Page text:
There are a few other reasons, of course. We have an audience of customers who will take some direction in terms of recommendations, which is not true for every kind of book. And we have a decent number of author events in the area, and it's always easier for me to sell a book to the right people if I've read it. Mind you, I can't read everything, and there are some genres, like YA, where I have several other folks on staff who can fill the role of store champion.

One author whose latest is published firmly in the mystery genre is Susanna Calkins, Her latest,  Murder Knocks Twice, comes after a series of novels set in 17th century London (the first is Murder at Rosamund's Gate). For her latest, she's turned to 1920s Chicago. At the center of this story is Gina Ricci, a young woman whose mother has passed away and whose father is stricken with palsy. A neighborhood pal tells her about a gig as a cigarette girl at a local speakeasy, and she goes for it, even after figuring out that the woman she's replacing was murdered.

Gina slowly learns the ropes at this bar operating during prohibition's heyday. She takes shifts at the cover operations, a tea room and a pharmacy, where she befriends a young African American man who hopes to one day be a doctor. She watches the cops being paid off. She avoids the advances of the heavy-drinking piano player. And she notices the photographer who takes photos of the guest. When she strikes up a conversation with her, it turns out he's her late mom's cousin, but a family fallout has kept them apart. And then, well, there's another murder and Gina finds herself in the center of the drama.

And how exactly did she wander into this situation anyway? Was her invitation to apply accidental? Is her father involved? And how is this independent operation going to survive with Al Capone's mob taking over Chicago?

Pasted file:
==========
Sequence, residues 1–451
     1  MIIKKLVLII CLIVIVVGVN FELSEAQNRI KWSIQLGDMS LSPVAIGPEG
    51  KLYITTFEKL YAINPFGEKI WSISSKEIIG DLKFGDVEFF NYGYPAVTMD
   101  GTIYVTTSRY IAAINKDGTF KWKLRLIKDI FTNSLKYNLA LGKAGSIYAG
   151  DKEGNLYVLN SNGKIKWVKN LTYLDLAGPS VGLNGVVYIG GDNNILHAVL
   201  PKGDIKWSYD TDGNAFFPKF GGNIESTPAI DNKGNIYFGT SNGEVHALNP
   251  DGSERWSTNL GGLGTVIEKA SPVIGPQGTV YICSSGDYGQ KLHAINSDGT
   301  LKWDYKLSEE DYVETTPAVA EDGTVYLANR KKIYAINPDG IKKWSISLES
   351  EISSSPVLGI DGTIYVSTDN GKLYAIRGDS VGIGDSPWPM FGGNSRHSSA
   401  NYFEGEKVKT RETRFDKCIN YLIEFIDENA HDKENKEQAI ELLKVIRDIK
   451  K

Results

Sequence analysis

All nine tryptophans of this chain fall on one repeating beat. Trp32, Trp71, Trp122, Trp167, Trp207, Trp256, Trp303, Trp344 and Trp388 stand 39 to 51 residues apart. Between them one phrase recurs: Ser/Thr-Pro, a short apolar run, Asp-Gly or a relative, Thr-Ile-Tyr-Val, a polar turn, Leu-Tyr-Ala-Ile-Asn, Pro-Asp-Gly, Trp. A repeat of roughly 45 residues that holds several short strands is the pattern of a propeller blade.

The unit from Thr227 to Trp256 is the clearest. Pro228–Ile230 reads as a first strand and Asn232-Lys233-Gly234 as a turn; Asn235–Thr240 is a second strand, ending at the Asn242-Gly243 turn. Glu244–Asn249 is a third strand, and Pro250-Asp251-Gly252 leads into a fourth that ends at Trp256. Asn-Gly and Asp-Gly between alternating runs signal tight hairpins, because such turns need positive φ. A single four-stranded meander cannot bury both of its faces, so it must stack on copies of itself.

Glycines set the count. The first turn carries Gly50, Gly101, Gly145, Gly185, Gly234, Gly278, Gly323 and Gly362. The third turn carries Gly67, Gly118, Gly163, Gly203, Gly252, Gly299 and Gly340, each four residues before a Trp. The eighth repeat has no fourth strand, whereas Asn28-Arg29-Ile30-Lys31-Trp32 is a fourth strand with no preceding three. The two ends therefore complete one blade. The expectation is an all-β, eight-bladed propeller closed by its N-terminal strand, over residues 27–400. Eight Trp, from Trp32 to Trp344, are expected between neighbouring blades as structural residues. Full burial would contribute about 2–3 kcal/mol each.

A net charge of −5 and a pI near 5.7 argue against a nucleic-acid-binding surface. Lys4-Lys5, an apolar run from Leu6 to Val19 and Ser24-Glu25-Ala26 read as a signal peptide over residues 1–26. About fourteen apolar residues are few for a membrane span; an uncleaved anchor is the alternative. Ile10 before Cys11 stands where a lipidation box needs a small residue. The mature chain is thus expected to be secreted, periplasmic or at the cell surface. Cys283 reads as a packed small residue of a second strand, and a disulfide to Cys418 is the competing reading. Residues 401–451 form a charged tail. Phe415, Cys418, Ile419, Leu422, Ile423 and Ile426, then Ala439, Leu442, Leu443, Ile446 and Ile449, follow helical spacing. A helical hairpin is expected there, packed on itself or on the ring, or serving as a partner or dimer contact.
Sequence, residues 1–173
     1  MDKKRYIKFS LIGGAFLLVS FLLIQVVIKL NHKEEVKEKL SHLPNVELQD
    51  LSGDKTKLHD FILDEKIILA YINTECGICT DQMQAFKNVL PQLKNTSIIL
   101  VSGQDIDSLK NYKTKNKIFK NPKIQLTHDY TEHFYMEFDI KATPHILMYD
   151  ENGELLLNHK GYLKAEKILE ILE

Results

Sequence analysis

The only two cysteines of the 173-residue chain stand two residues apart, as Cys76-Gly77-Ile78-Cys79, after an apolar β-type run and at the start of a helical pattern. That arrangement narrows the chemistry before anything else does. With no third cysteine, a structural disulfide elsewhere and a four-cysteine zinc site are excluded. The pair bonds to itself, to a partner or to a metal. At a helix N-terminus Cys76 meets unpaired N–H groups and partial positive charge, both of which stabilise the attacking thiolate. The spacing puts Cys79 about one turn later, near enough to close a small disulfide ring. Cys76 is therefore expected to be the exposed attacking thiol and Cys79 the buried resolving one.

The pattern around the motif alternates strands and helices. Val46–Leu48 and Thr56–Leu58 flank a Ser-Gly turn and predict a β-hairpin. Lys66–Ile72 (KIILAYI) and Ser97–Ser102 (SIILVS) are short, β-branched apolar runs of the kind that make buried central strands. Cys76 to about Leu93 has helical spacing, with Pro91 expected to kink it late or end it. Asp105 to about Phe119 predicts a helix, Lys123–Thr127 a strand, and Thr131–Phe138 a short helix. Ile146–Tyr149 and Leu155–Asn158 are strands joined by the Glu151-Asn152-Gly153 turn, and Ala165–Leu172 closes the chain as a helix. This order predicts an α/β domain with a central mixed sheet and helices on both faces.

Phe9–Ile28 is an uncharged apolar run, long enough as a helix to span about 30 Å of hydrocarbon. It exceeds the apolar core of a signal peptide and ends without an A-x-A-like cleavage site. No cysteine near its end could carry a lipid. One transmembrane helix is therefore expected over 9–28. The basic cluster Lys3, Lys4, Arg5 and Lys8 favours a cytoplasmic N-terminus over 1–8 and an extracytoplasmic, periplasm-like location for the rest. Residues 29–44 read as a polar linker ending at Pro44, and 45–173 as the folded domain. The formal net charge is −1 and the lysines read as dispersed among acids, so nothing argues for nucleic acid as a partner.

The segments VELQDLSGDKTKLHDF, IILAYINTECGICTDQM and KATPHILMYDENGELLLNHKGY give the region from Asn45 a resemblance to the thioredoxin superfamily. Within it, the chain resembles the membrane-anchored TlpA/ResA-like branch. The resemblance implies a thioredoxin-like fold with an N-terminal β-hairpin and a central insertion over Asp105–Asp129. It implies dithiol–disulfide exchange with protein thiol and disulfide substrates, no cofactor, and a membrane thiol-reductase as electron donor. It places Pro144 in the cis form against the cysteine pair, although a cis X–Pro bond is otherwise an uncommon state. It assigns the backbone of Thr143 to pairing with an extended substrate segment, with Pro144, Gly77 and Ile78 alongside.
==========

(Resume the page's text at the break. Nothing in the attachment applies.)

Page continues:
No question this is structured as a mystery and it lives up to its billing. For those who like crime stories, but find cozies to soft and noir too violent, this is the baby bear of the genre, right in the middle. And there is quite a bit of crossover to historical fiction as well, and particularly that of Renée Rosen's novels. So much overlap! For one thing, Gina is a classic Rosen character, the naif put in the middle of a situation that she has to think her way out of. She needs to find out what happened, but she's also anxious to figure out what she really wants to do in life.

Rosen even covered this period in Dollface. And yes, Rosen did give Calkins a quote on the book, calling it "a page-turning romp." But I think they could not have predicted they would both have an April 30 pub date - but they did! It's kismet. Really, it almost feels like they were playing off each other in writing these novels, positioned so differently, but really intended for a similar reader. I would love to know what other readers think about this, and I'd also love to know their thoughts on this. Hoping someone had (or is having) the two in conversation**.

I will be ask them myself as both are doing events with Boswell, only separately. Calkins will be at Boswell on Thursday, May 16, 7 pm, where she'll be in conversation with Erica Ruth Neubauer. Renée Rosen is not doing a public event with us this time, but she will be the featured author at the Woman's Club of Wisconsin annual book club luncheon they do every spring. It's being held on Tuesday, May 14, and if you belong or have friends who belong, ask them make a reservation for you.  I'll be presenting book club picks for about 30 minutes before Rosen does her presentation. I've seen her talks, at both Boswell and the Lynden Sculpture Garden, and they are great fun. And I try to be fun too. So that's a lot of fun.

*That's not what she said. But it was close.

**They in fact did an event together at Book Stall in Winnetka last week.

Photo credits
Renée Rosen - Charles Osgood
Susanna Calkins - Lisa Bagadia